“…I have heard steel drums and eaten conch fritters and watched a woman in silver lamé projectile-vomit inside a glass elevator…. I have now heard — and am powerless to describe — elevator reggae music. I have learned what it is to become afraid of one’s own toilet…” And so, in a sublimely wry and supremely hilarious 1996 article in Harper’s magazine, the late David Foster Wallace captured the soulless pleasures and infantilizing excesses of a luxury Caribbean cruise. I remember reading — and hurriedly rereading — this story while flying across the Pacific in the crowded cabin of a 747, unsuccessfully suppressing guffaws and chortles as my brother shot me looks of bewildered annoyance. It wasn’t DFW’s first published piece, but it was for me and many friends the one that placed him firmly in our radar — one that started, in those pre-Google days, frantic searches for whatever else he had written. (I can say, with absolute certainty, that I’ve recommended this article, now the title piece in the collection A Supposedly Fun Thing I’ll Never Do Again, to no fewer than 100 persons, including some complete strangers.)
I was able to track down another story he had written for Harper’s, a travelogue describing a weekend visit to the Illinois State Fair, which he turned into a harrowing journey through the soft underbelly of Middle America. Even better, I was delighted to discover that his cruise story was no fluke — and in reading more of his magazine work (he had already had written several works of fiction), it was clear he was creating something of a signature style: a whip-smart blend of essay and reportage, larded with his witty observational asides and (often copious) footnotes. Taken individually, these stories were impressionistic but detailed sketches of a wide range of subjects, including director David Lynch, the 2000 presidential campaign of John McCain, the state of American lexicography, and the goings-on at an adult-film convention. Collectively, they may be considered an ongoing narrative of American pop culture: brilliant pieces in a now sadly unfinished mosaic. (I also liked what little I read of his fiction: all of Brief Interviews With Hideous Men, some of Oblivion, and the first 130 pages of Infinite Jest, the once bright-orange spine of the paperback edition now faded to a sickly salmon.)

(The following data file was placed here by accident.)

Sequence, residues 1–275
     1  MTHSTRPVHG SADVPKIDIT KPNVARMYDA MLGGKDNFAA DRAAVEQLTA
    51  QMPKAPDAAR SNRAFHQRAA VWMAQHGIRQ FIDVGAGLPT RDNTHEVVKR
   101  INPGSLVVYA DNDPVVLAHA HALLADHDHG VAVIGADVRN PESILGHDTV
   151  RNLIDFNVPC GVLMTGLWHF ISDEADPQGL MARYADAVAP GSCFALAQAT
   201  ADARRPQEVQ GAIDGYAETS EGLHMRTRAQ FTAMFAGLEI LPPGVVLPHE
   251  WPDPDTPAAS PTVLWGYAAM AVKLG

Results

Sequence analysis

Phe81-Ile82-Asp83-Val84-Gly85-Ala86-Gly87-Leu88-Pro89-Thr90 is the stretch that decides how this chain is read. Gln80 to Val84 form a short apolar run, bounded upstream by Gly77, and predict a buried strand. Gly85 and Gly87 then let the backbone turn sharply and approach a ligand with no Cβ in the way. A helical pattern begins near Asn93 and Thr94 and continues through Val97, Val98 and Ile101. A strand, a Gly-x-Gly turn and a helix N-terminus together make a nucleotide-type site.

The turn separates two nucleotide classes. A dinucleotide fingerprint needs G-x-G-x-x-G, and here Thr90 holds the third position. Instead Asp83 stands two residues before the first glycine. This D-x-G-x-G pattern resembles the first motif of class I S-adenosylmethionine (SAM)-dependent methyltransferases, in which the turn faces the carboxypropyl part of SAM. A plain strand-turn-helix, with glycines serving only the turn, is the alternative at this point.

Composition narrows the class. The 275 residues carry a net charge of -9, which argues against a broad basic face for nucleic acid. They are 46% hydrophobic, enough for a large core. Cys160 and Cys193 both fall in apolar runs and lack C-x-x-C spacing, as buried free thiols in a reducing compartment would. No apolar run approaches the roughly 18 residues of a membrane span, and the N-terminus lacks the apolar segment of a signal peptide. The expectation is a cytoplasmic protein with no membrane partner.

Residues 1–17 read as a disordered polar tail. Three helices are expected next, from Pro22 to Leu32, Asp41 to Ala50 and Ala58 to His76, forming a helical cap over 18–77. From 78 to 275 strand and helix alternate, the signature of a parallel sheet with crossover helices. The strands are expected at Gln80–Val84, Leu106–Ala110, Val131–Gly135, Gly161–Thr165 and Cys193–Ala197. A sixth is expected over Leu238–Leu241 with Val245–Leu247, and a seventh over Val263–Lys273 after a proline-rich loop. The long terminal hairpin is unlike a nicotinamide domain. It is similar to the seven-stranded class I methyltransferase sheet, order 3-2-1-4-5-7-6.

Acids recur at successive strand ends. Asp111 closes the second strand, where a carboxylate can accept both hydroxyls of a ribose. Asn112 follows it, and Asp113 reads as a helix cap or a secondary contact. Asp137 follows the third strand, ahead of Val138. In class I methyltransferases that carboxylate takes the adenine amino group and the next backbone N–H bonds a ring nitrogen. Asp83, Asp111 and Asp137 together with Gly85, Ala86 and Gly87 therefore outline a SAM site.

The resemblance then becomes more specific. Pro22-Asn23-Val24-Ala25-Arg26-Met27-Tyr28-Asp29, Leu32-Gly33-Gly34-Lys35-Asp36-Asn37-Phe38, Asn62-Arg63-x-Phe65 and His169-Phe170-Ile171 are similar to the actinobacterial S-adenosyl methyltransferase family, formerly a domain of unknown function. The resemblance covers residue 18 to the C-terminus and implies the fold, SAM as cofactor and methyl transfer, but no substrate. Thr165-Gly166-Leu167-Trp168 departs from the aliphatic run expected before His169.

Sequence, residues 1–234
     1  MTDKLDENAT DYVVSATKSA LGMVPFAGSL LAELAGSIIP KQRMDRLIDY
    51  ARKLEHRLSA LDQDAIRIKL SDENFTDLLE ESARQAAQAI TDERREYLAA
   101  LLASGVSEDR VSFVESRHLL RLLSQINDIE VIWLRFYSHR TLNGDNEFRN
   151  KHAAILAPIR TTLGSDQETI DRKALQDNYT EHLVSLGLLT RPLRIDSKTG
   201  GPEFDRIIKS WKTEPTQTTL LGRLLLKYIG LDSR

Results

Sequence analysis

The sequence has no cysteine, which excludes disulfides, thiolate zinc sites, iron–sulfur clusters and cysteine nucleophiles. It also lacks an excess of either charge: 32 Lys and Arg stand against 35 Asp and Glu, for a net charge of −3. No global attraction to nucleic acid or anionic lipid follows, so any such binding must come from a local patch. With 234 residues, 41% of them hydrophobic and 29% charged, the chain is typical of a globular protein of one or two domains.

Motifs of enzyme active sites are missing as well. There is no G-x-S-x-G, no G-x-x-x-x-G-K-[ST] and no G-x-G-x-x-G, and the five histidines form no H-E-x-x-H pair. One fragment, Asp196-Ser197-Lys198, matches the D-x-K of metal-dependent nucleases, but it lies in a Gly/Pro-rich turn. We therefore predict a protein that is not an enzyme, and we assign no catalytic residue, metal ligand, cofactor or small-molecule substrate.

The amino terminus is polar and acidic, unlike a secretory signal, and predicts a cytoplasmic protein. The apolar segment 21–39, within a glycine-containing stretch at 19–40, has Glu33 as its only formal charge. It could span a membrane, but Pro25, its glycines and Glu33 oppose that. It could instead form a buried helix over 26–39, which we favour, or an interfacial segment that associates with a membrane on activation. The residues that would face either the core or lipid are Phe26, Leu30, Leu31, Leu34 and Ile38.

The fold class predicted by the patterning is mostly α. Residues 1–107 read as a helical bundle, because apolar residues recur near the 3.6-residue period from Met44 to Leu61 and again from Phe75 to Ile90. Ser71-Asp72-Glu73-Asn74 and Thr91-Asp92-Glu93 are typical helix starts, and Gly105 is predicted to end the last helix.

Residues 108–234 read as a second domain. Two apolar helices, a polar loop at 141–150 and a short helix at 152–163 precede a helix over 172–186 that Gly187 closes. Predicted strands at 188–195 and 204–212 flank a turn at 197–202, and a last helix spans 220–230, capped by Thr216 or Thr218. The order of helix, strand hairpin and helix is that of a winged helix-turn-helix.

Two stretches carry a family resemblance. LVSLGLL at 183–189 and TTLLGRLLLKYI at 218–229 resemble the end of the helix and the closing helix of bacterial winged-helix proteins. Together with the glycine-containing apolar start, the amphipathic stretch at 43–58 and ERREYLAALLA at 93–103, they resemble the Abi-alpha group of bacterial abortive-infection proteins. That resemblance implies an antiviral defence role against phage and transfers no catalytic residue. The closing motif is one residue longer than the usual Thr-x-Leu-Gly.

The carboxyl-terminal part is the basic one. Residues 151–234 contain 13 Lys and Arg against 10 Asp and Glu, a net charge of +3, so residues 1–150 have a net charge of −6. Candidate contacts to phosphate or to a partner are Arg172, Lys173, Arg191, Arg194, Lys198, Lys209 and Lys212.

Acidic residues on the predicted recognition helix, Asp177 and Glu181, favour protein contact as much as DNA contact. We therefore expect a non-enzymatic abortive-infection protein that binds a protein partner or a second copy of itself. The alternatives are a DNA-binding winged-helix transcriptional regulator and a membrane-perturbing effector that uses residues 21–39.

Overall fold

But nowhere in my sometimes scarily close readings of his words can I recall any hints of a particularly troubled mind: He may have visited dark places and explored troubling themes, but Wallace always seemed profoundly grounded and self-aware. Which makes his final actions sad and puzzling (and even, to many a fan I talked to this morning, infuriating). In fact, I’m not sure if I’ve really taken in the full measure of his untimely passing. In any case, rather than speculating on what may have caused this gifted writer and married man to take his own life at 46, let’s instead talk about his rich legacy. What are your favorite David Foster Wallace stories? And how were you first introduced to his work?